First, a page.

GameStop (GME) is nowhere near the price level it was at the end of January as the stock’s meteoric rise captivated the country in a groundbreaking, Reddit-powered short squeeze.
The shape of the stock chart — a giant M — and volume mean that a lot of people bought GameStop at far more than the current market price of around $50 as of Friday.
In the current casino-like dynamics of the stock market, many investors might decide to ride the table and win their money back, hoping for a turnaround in the stock price.
But there’s another strategy frequently used to make lemonade from the market’s lemons: tax-loss harvesting. Though it’s too late to use a “meme stock” trade for the return you have to file this spring, it’s a strategy you can use for 2021 on your 2020 year return.
“For every investor who made a profit on meme stocks like GME and AMC, there are many others who are now in the red,” WealthFront CPA Toby Molina wrote in a note. “I know from experience that it doesn’t feel good being on that side of the volatile market, but there are a few things you can do if you recently lost money while day trading.”
Here’s what it is and how it works.
Realizing a loss to offset your income
An investor doing their taxes either takes a standard deduction or itemized deductions. Often, tax preparers — or tax software — will do both and see which is most advantageous.
Investors can use losses to offset gains in the market, which reduces taxes owed. If they don’t have any gains to offset, they can use that money to offset taxes on ordinary income like wages, up to $3,000.
Imagine you bought $5,000 worth of stock and sold it two weeks later for $4,000 because you decided you didn’t like it anymore and wanted to cut your losses.
You’ve realized a $1,000 loss by selling, and you can subtract $1,000 from your taxable income. Which part of the taxable income depends. If you have any short-term capital gains — gains from stocks that you’ve held for less than a year — having losses can be useful.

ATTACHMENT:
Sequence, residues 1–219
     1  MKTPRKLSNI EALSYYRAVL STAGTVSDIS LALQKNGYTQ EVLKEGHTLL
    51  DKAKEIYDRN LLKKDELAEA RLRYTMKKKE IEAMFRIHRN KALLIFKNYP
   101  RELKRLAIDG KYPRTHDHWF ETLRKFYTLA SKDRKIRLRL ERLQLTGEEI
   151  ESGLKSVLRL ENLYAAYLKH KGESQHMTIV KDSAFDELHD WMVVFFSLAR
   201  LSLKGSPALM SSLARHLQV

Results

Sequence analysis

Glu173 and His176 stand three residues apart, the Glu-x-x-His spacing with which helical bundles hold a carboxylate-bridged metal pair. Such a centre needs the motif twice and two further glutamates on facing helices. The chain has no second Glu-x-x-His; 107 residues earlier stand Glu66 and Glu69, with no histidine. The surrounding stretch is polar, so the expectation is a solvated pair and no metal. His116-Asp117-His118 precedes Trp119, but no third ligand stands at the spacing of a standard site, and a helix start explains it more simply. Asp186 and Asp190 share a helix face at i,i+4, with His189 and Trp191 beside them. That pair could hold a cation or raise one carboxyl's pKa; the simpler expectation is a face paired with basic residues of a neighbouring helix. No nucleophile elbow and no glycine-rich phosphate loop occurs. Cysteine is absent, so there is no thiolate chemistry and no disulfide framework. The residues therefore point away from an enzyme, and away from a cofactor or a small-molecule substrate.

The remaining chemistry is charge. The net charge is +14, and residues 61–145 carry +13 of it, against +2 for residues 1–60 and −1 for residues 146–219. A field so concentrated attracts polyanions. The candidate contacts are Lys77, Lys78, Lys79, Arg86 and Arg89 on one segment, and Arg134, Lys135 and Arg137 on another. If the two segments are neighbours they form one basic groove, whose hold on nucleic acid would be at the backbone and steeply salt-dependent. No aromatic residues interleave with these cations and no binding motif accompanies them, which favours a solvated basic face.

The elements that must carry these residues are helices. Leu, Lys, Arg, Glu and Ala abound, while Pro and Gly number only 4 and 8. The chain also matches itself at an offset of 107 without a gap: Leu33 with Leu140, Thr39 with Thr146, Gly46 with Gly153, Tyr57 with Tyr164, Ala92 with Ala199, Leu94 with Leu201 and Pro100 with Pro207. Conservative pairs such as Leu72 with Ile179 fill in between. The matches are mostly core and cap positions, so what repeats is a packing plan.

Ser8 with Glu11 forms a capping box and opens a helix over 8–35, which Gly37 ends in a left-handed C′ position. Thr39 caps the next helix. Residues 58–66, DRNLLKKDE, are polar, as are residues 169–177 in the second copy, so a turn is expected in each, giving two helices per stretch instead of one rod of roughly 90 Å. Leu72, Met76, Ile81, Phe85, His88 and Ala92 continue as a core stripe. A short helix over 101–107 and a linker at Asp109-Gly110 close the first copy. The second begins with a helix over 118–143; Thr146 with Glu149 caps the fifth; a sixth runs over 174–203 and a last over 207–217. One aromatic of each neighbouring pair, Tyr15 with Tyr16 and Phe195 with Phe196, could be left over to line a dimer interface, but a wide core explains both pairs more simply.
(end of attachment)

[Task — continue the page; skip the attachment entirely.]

Because short-term capital gains are taxed as ordinary income rather than at capital gains rate, which is much lower, people will often use losses — or even search for stocks to sell at a loss — to lower the amount of taxes owed.
So say you have that $1,000 loss but you also sold some stock you had for six months for a gain of $2,000. You can subtract that $1,000 (loss) from the $2,000 (gain) and pay taxes on $1,000.
If you don’t have any short-term gains, you can use long-term gains instead. And if you don’t have long-term gains, you can subtract your loss from your ordinary income. If the loss was bigger than $3,000, you can use whatever you couldn’t offset for future years.
“Investors might be surprised to learn that losses can actually be a good thing when it comes to your taxes,” said Molina. “If you’ve already sold your investments at a loss or are planning to, you can harvest those losses and use them to offset any capital gains you may have from other investments.”
According to Maryland-based CPA Mark Stafford, this is usually done at the end of December. Losers are sold to offset the winners when a better picture of the year has come into focus.
But if you know you want to close down a position you can do it at any time.
No wash sales — and a popular index fund trick
One thing you cannot do is realize a loss and then buy the same stock or fund back right away. That’s called a “wash sale” and you don’t get any benefit from it come tax time. The rule is you have to wait 30 days if you want to recognize the loss before buying the same thing again.
For index fund investors this is especially interesting. Thanks to roboadvisor platforms, tax-loss harvesting is increasingly popular and automated. But most people don’t want to wait 30 days to avoid a wash sale and harvest the losses. The way around this is to use a similar investment that’s not the same.
Imagine two elevators side by side representing two funds that rise and fall with their indexes. One is Vanguard’s VTI (VTI), which follows the CRSP U.S. Total Market index, and the other is iShares’ ITOT (ITOT), which follows the S&P Total Market Index. These two funds are really, really similar and most investors wouldn’t notice the difference. (This chart tracks both funds’ performance over the past five years; the lines are on top of each other.)
If the elevators fell 10 floors in a market correction, an investor could simply step across to the other one, selling one fund and buying the other. This would realize a loss to be used to offset a gain or ordinary income while getting back into the market at the same time with effectively the same investment. This also reduces uninvested days — which is key because you never know when the good days will come.
But there’s one important thing in this type of tax-loss harvesting when dealing with funds: The funds have to follow different indexes. Though VTI and ITOT are nearly the same, they track two different indexes.
Ethan Wolff-Mann is a writer at Yahoo Finance focusing on consumer issues, personal finance, retail, airlines, and more. Follow him on Twitter @ewolffmann.
This article is auto-generated by Algorithm Source: finance.yahoo.com